Adoption and Implementation of the Medical Treatment Guidelines
Regulatory Impact Statement for the addition of Part 324 and § 325-1.25,
amendment of §§ 325-1.2, 325-1.3, 325-1.4, and 315-1.24, and
repeal of § 325-1.6 of 12 NYCRR
Revised Regulatory Impact Statement
- Statutory Authority:
The Chair of the Workers' Compensation Board (Board) is authorized to amend § 300.23 (d) of Title 12 NYCRR, adopt a new Part 324 of Title 12 NYCRR, amend §§ 325-1.2, 325-1.3, 325-1.4, and the title and first paragraph of 325-1.24 of Title 12 NYCRR, and add a new §325-1.25. Workers' Compensation Law (WCL) § 117 (1) authorizes the Chair to make reasonable regulations consistent with the provisions of the WCL and the Labor Law. WCL § 141 authorizes the Chair to enforce all provisions of the chapter and make administrative regulations and orders providing in part for the receipt, indexing, and examining of all notices, claims and reports.
WCL § 13 of the WCL establishes employer liability for the provision of medical treatment and care for an injured employee and authorizes the Chair to prepare and establish a schedule for the state, or schedules limited to defined localities, of charges and fees for medical treatment and care, and including all medical, dental, surgical, optometric, or other attendance or treatment, nurse and hospital service, medicine, optometric services, crutches, eye-glasses, false teeth, artificial eyes, orthotics, prosthetic devises, functional assistive and adaptive devices and apparatus in accordance with and to be subject to change pursuant to rules promulgated by the Chair. Concomitant with an employer's liability to provide medical treatment and care for an injured employee and the Chair's authority to establish a medical fee schedule is the need for guidelines setting forth standards of appropriate treatment and care for injured or ill employees.
WCL §13-b requires individuals rendering medical care to, or conducting independent medical examinations (IMEs) of, claimants to be authorized by the Chair, except for six enumerated exceptions. This section also sets forth the process by which a physician becomes authorized to treat and/or conduct IMEs. The Chair has the authority to temporarily suspend or revoke a physician's authorization to treat or conduct IMEs for, among others, professional or other misconduct, exceeding the limits of his or her professional competence in rendering medical care, failing to file medical reports, knowingly making a false statement, and failing to appear for testimony. WCL §§ 13-k, 13-l, and 13-m, respectively, give the Chair the power to authorize podiatrists, chiropractors, and psychologists to treat and/or conduct IMEs of claimants, and to temporarily suspend or revoke their authorizations for the same reasons as a physician.
WCL § 13-a (5) requires prior authorization from the insurance carrier or self-insured employer for operations, physical or occupational therapy, x-rays, or diagnostic tests costing more than $1,000. The medical provider seeking to perform the special services costing more than $1,000 must submit a request to the insurance carrier, who then has thirty days to respond to the request. A denial by the insurance carrier must be based upon a conflicting second opinion rendered by an authorized physician. Chapter 6 of the Laws of 2007, the 2007 workers' compensation reform legislation, amended this statutory provision to increase the threshold for prior authorization from $500 to $1,000. The reform legislation also amended the section to add a provision directing the Chair to issue and maintain a list of pre-authorized procedures costing more than $1,000.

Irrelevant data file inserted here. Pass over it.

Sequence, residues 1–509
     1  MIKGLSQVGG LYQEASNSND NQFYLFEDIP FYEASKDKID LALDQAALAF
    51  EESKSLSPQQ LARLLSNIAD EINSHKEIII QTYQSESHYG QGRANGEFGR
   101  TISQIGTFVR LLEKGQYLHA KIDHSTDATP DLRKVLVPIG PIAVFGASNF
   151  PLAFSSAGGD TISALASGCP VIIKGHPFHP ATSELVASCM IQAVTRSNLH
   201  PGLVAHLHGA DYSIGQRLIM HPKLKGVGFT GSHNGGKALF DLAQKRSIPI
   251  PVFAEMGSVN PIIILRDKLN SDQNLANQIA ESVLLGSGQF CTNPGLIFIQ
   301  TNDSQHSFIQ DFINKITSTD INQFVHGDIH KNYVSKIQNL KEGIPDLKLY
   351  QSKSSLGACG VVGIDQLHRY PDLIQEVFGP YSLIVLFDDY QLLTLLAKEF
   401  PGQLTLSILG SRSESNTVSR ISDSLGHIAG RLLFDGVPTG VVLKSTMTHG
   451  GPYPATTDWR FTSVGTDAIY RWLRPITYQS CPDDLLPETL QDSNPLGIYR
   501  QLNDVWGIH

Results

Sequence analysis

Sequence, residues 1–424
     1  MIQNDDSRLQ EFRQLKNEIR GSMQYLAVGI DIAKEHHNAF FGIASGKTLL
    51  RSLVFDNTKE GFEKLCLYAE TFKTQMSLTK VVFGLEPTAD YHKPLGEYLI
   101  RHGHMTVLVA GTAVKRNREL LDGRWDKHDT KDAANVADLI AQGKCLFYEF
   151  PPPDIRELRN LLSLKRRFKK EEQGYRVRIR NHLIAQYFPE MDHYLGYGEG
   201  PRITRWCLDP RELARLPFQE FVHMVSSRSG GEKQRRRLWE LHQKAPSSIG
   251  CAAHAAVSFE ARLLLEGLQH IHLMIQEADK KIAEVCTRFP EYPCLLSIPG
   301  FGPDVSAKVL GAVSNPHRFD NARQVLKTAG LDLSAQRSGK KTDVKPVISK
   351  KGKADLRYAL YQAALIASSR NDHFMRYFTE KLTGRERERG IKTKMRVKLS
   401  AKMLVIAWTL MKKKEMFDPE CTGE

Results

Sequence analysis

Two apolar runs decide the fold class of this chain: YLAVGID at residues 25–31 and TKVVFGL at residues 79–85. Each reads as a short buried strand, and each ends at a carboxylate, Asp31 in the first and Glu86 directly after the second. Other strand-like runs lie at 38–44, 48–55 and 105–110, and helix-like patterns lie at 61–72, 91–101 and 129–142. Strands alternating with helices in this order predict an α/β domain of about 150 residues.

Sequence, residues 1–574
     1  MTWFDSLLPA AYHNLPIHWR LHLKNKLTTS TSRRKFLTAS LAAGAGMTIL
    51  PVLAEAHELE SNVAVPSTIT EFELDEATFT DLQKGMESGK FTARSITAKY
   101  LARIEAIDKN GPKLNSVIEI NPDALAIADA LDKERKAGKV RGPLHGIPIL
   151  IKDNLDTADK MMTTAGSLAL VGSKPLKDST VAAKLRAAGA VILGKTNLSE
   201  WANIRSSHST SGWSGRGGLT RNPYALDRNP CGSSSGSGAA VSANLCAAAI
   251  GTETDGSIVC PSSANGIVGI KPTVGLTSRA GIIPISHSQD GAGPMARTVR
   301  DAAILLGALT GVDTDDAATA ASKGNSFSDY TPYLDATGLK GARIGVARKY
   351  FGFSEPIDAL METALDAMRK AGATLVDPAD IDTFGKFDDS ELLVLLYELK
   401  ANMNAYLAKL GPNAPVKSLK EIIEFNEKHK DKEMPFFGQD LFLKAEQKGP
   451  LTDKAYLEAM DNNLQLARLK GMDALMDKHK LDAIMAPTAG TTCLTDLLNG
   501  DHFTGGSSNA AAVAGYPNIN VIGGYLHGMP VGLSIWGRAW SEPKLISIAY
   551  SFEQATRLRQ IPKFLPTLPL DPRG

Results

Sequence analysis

Section 80 of Chapter 6 of the Laws of 2007 specifically authorizes the Chair to adopt regulations to implement the reform legislation.
Although the statutes do not specifically require the adoption of guidelines, it is clear that the absence of them has resulted in an inefficient system. Because all medical practitioners do not have consistent, up-to-date standards on which to base treatment of occupational injuries and illnesses, claimants may not be receiving the high quality care they deserve. While some board certified physicians are required to engage in rigorous recertification processes demonstrating knowledge of the best treatments, the WCL does not require physicians to be board certified to treat claimants so all physicians are not subject to such recertification processes. Further, with no agreed upon standards on which to assess medical necessity, costly disputes and unnecessary treatment delays occur. In his oversight of the workers' compensation system, the Chair has an obligation to recommend procedures to rectify these problems. These guidelines should help to do so.
- Legislative Objectives:
The purpose of the workers' compensation reform in Chapter 6 of the Laws of 2007, effective March 13, 2007, was to increase benefits and improve delivery of services to injured and ill employees (claimants), while at the same time reducing costs. By letter dated March 13, 2007, then Governor Spitzer directed the Superintendent of Insurance to lead an effort with the necessary help and assistance of the Chair of the Board and the Commissioner of Labor to design new medical guidelines to account for modern diagnostic and treatment techniques and evidence-based standards of medical treatment and care with emphasis on "(1) guidelines that structure the information that the treating physician or other health care professionals is to report to the Board in order to minimize factual conflicts and the need for battles of experts before the Board, taking into consideration the appropriate use of impartial specialists and advances in imaging and diagnostic techniques; (2) a set of best practices for health care professionals who are providing treatment, taking into consideration the role of managed care and vocational rehabilitation; and (3) protocols and training for Workers' Compensation law judges and other employees." In addition, the Governor placed emphasis on facilitating the employee's return to gainful employment. In 2007, the Governor appointed an Advisory Committee to assist the Superintendent comprised of representatives from Insurance, the Board, and Labor, and highly qualified and respected medical professionals selected by labor, business, and the Insurance Department. After months of work, the Advisory Committee submitted to the Superintendent recommended Medical Treatment Guidelines (Guidelines) for the neck, back, shoulder, and knee that all providers would be required to use when treating injuries to those body parts. On December 3, 2007, the Superintendent formally submitted the Guidelines to the Chair along with a proposed Medical Treatment Guidelines Education Plan, and in June 2008, proposed Implementation and Process Standards for the New York State Medical Treatment Guidelines.